Sunday, August 05, 2007

The Bell Curve vs. The Well Curve

Leadership consultant, Chad Hall, recently observed that society is moving away from the “bell curve” (pictured) and toward something called the “well curve”.

You know about the bell curve that defines normal distribution as being massed near the middle while being low on the extremities. As a graph the distribution looks like a bell-shaped curve. The implication is that most people gravitate toward the middle. Most people are of average height, make average grades (“C’s”) and have average sized families. Few people are really tall or short, make “A’s” or “F’s” and have very large or very small families.

Today a new phenomenon is being recognized. The distribution for some choices is an inverted bell curve or “well curve”. In these cases the population gravitates toward the extremes and is lowest in the middle. Hall sites examples such as television screens getting both larger (60” plasma) and tinier (iPod); stores are getting huge (Wal-Mart) and small (specialty boutiques); people are eating more healthful food (organic) and more fast food (McDonald’s).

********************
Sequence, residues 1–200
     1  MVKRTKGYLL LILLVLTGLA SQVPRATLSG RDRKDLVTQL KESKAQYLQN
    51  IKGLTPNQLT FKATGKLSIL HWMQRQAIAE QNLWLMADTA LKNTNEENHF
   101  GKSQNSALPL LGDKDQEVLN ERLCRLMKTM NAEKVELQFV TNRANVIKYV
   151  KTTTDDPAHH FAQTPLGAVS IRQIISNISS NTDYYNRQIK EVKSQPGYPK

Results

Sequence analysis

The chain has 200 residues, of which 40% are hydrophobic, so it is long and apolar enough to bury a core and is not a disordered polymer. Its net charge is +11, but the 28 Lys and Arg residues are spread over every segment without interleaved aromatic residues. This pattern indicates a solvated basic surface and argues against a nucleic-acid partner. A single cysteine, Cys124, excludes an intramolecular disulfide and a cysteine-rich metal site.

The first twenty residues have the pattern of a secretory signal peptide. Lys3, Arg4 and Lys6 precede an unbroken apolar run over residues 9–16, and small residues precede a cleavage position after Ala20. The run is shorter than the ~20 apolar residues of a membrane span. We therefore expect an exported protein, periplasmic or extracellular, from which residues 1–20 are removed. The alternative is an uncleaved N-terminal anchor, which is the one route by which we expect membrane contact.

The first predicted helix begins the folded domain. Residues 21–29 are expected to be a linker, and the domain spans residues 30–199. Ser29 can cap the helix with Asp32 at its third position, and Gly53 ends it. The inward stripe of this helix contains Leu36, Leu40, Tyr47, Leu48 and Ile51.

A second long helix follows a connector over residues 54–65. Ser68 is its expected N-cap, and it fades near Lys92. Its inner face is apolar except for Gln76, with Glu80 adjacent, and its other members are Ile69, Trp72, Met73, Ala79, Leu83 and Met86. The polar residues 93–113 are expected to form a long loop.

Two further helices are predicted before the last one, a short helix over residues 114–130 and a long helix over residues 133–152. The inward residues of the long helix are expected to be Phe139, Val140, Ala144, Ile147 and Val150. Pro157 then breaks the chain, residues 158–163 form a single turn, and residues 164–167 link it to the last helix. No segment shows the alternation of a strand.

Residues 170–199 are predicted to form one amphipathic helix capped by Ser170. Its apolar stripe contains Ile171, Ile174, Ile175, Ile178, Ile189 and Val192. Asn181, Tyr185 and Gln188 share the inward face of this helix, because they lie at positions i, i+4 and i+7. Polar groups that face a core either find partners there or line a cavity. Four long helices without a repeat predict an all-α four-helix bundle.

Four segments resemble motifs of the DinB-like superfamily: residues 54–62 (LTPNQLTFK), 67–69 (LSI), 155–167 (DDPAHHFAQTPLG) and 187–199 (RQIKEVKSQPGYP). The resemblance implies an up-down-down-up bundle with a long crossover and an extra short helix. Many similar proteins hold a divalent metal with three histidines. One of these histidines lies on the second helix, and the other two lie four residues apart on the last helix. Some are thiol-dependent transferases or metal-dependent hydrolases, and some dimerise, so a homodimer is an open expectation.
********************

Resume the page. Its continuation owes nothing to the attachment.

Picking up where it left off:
If so, the well curve describes the disappearing middle-class, the demise of mid-sized companies and the polarization of politics in America.

I think this phenomenon is also seen in the increased numbers of “spiritual” people but decreased numbers of those actually “connected” to God.

1 comment:

jeff saussier said...

I do a lot of self-selecting surveys re satisfaction. I find that self-reporting respondents generally gravitate towards high satisfaction and high dissatisfaction, with the "silent majority" not bothering to complete the survey. It seems that this could explain a lot about polarization.